A puff pastry-based flatbread ($15), which Jackson called a tarte flambée but made us think of pissaladière, the Niçoise bread typically topped with caramelized onions, olives and perhaps anchovies. Jackson’s flatbread, topped with onions, olives, chives and crème fraîche, was more low-key of flavour. Because the flatbread is designated a Mealshare item, Jackson donates $1 to that program for every tarte flambée sold, which pays for a simple, healthy meal to a youth in need.

Tarte flambée at Jackson Postmedia

With other dishes, however, there were enough shortcomings to remind us that the margin of error is smaller with small plates. At my lunch visit, it didn’t take much to make the dishes below seem a little wobbly and even over-priced.

White kimchi ($12) came quickly from Jackson’s kitchen at lunch. But the big bowlful of gently pickled veg was almost all cabbage and green beans, basically devoid of the asparagus mentioned on the menu. There was also so much pickling liquid in the bowl that when its contents were spooned onto sharing plates, the liquid couldn’t help but meld with everything else on the plate, making for a murkier meal.

White kimchi at Jackson Postmedia

Scallops were the star on the most expensive dish at Jackson ($19). While those three molluscs were fine, a slightly harder sear wouldn’t have hurt them, either. Dragging the dish down more significantly was the ordinariness and even the oiliness of the medley of sunchokes, mushrooms and celery on the plate.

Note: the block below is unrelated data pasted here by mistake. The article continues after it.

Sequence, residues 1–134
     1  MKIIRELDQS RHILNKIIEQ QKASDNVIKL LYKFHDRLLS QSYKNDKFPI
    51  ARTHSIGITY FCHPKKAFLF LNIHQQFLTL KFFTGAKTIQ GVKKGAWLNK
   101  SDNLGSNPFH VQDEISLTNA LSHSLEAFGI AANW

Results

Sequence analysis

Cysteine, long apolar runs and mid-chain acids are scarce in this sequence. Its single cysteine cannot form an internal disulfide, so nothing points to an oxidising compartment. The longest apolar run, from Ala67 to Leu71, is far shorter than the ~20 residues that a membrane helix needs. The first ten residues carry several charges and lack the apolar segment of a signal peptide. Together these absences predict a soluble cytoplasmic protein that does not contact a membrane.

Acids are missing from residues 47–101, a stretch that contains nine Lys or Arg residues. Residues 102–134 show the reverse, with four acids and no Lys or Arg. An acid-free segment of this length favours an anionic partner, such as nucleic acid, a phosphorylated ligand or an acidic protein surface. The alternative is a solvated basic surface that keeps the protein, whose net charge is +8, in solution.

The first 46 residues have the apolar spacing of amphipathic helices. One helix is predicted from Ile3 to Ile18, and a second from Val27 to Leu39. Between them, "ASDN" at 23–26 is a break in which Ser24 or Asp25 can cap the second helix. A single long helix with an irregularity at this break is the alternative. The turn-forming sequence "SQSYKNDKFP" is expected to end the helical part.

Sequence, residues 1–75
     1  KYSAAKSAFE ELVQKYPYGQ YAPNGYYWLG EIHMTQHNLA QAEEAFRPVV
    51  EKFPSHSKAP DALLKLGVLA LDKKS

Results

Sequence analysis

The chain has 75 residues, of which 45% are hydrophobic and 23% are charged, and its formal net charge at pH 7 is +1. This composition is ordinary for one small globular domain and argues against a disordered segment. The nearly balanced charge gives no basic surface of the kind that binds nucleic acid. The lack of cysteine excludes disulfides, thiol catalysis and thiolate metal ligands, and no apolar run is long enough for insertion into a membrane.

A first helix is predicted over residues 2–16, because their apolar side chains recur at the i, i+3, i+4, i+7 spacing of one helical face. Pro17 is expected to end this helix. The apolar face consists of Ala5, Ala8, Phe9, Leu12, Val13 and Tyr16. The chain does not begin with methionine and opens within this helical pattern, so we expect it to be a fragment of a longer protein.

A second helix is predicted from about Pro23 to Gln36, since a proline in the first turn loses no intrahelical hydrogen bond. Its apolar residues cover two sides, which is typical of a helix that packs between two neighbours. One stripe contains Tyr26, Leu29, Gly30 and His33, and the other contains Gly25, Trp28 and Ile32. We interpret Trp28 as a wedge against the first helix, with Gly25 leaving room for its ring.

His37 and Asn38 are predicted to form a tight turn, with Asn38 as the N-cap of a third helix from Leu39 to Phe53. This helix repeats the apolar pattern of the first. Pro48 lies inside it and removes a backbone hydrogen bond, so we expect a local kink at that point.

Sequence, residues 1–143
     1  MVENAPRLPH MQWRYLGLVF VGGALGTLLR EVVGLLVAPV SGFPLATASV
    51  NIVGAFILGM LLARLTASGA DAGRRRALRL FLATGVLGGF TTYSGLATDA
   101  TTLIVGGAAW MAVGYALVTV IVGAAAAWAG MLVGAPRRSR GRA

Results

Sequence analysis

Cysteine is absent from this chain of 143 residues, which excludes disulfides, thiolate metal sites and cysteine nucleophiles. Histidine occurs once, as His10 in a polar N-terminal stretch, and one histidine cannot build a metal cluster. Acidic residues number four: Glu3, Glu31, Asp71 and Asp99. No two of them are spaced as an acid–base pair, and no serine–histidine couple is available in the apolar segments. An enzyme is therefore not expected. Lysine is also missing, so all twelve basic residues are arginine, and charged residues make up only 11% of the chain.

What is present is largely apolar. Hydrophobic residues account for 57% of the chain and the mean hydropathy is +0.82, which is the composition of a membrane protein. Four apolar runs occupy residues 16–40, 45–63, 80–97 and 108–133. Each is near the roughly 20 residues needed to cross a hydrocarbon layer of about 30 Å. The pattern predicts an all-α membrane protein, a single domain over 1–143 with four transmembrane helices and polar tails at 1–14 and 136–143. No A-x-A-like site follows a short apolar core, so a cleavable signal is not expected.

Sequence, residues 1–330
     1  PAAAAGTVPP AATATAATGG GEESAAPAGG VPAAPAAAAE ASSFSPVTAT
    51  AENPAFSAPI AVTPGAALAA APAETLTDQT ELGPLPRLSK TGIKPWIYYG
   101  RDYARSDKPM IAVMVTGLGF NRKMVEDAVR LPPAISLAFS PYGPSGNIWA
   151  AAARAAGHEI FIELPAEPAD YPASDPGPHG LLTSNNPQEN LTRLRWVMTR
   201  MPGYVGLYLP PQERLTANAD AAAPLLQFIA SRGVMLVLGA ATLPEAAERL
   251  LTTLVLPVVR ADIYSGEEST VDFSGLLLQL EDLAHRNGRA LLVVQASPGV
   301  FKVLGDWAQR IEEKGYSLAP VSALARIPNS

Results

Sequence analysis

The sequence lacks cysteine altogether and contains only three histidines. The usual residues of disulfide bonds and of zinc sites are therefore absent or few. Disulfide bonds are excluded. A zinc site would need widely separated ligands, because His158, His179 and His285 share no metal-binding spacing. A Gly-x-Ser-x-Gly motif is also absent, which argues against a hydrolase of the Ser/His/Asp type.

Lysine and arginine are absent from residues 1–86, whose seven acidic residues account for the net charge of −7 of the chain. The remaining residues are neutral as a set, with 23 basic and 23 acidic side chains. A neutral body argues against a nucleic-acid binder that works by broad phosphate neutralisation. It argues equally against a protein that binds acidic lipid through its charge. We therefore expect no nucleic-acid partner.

Scallops at Jackson Postmedia

Jackson’s brussel sprouts plate ($14) appealed with its intriguing mix of halloumi and maple hummus. But the dish didn’t seem fresh off the heat, the taste of the grilled halloumi cheese was verging on burnt, and the serving of sprouts on this small plate seemed very small, perhaps even stingy.

Brussel sprouts at Jackson Postmedia

Churros ($9) served on a bed of salted caramel with a side-bowl of chili-spiked chocolate was the best item at lunch, even if its interior was on the gooey and underdone side. (At dinner, the doughy dessert was better, if still a touch moist inside.)

Churros at Jackson Postmedia

Promotional materials for the restaurant say it avoids genetically modified food, supports small family farms and uses organic, artisanal and environmentally friendly products where possible. The goal is to serve “high-vibrational food, locally sourced and globally creative … healthy food to increase a healthy mind, body, spirit and planet,” Jackson’s materials say.

Such progressiveness is in line with the fact that Gosselin, who has worked in Ottawa’s restaurant industry for almost two decades and is a co-owner of Restaurant E18hteen, Sidedoor and the Clarendon Tavern, is a yoga, meditation and ayurveda practitioner. She even teaches free yoga classes at the art gallery.

Appropriate, then, is the restful classical music that plays on Jackson’s sound system on Mondays “to offer a relaxed environment,” according to a press release. We found the lunch-time music more pop-y and even a bit tinny sound-wise, with the fidelity better at the bar than in the front dining area. On a weekend night, when Jackson was packed, the music was louder still and in full groove-and-dance mode.

In all, Jackson, which had its soft opening this summer, felt like a place to be and a place to eat well, if not voluminously so. The kitchen could have achieved a bit more mindfulness here and there, but for pros like Leung and Gosselin, cooking on a higher and more consistent plane should not be out of reach.